Truth & Conviction: Jane McMillan in conversation with Justice Harry LaForm
The name Donald Marshall Jr. is synonymous with wrongful convictions in Canada. After being wrongfully convicted of murder at age 17 and spending over a decade in prison, Marshall was exonerated by a royal commission that exposed the entrenched racism found in the Canadian justice system.
Only a few years later, Marshall was pulled back into the justice system with a charge of eel fishing without a license. Backed by Mi’kmaw chiefs and the Union of Nova Scotia Indians, Marshall took his case to the Supreme Court to fight for Indigenous treaty rights, which resulted in the landmark Marshall decision.
In her new book, Truth and Conviction: Donald Marshall Jr. and the Mi'kmaw Quest for Justice, McMillan provides insight into Marshall’s life and experiences with the Canadian justice system. McMillan also explores how Marshall’s legacy lives on as Mi’kmaw people continue to assert their rights and build justice programs grounded in customary laws and practices.
Join us as we celebrate the launch of Truth and Conviction and hear McMillan, in conversation with Justice Harry LaForme, explore the current state of Indigenous relations in Canada, and understand if we are actually learning from our past mistakes.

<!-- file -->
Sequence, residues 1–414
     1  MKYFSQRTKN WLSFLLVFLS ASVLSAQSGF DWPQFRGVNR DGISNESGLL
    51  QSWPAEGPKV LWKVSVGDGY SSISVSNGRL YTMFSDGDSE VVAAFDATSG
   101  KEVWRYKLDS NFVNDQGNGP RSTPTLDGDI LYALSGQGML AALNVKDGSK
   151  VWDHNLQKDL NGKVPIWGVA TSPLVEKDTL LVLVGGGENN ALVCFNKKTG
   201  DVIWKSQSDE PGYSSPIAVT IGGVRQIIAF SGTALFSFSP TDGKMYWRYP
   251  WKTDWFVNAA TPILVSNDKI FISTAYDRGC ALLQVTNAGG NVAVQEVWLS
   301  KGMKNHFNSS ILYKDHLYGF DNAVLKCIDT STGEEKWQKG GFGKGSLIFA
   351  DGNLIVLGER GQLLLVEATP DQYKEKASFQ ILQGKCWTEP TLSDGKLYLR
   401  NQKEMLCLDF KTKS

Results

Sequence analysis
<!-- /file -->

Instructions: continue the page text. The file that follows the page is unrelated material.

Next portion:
A book signing will follow the event.
Dr. Jane McMillan is the chair of the Anthropology Department at St. Francis Xavier University and the former Canada Research Chair for Indigenous Peoples and Sustainable Communities. A former eel fisher and one of the original defendants in the Supreme Court of Canada’s Marshall decision (1999), she has worked with Mi’kmaw communities for over twenty years, advocating for Indigenous and treaty rights and for community-based justice. Her debut book, Truth and Conviction: Donald Marshall Jr. and the Mi'kmaw Quest for Justice is published by UBC Press.
Justice Harry LaForme is Anishinaabe and a member of the Mississaugas of the Credit First Nation. He has forged a distinguished legal and judicial career including, from 2004 until late-2018, as a member of the Ontario Court of Appeal - the first and only Indigenous appointment to a Canadian appellate court. Justice LaForme is now senior counsel to OKT, one of Canada’s premiere First Nations law firms.
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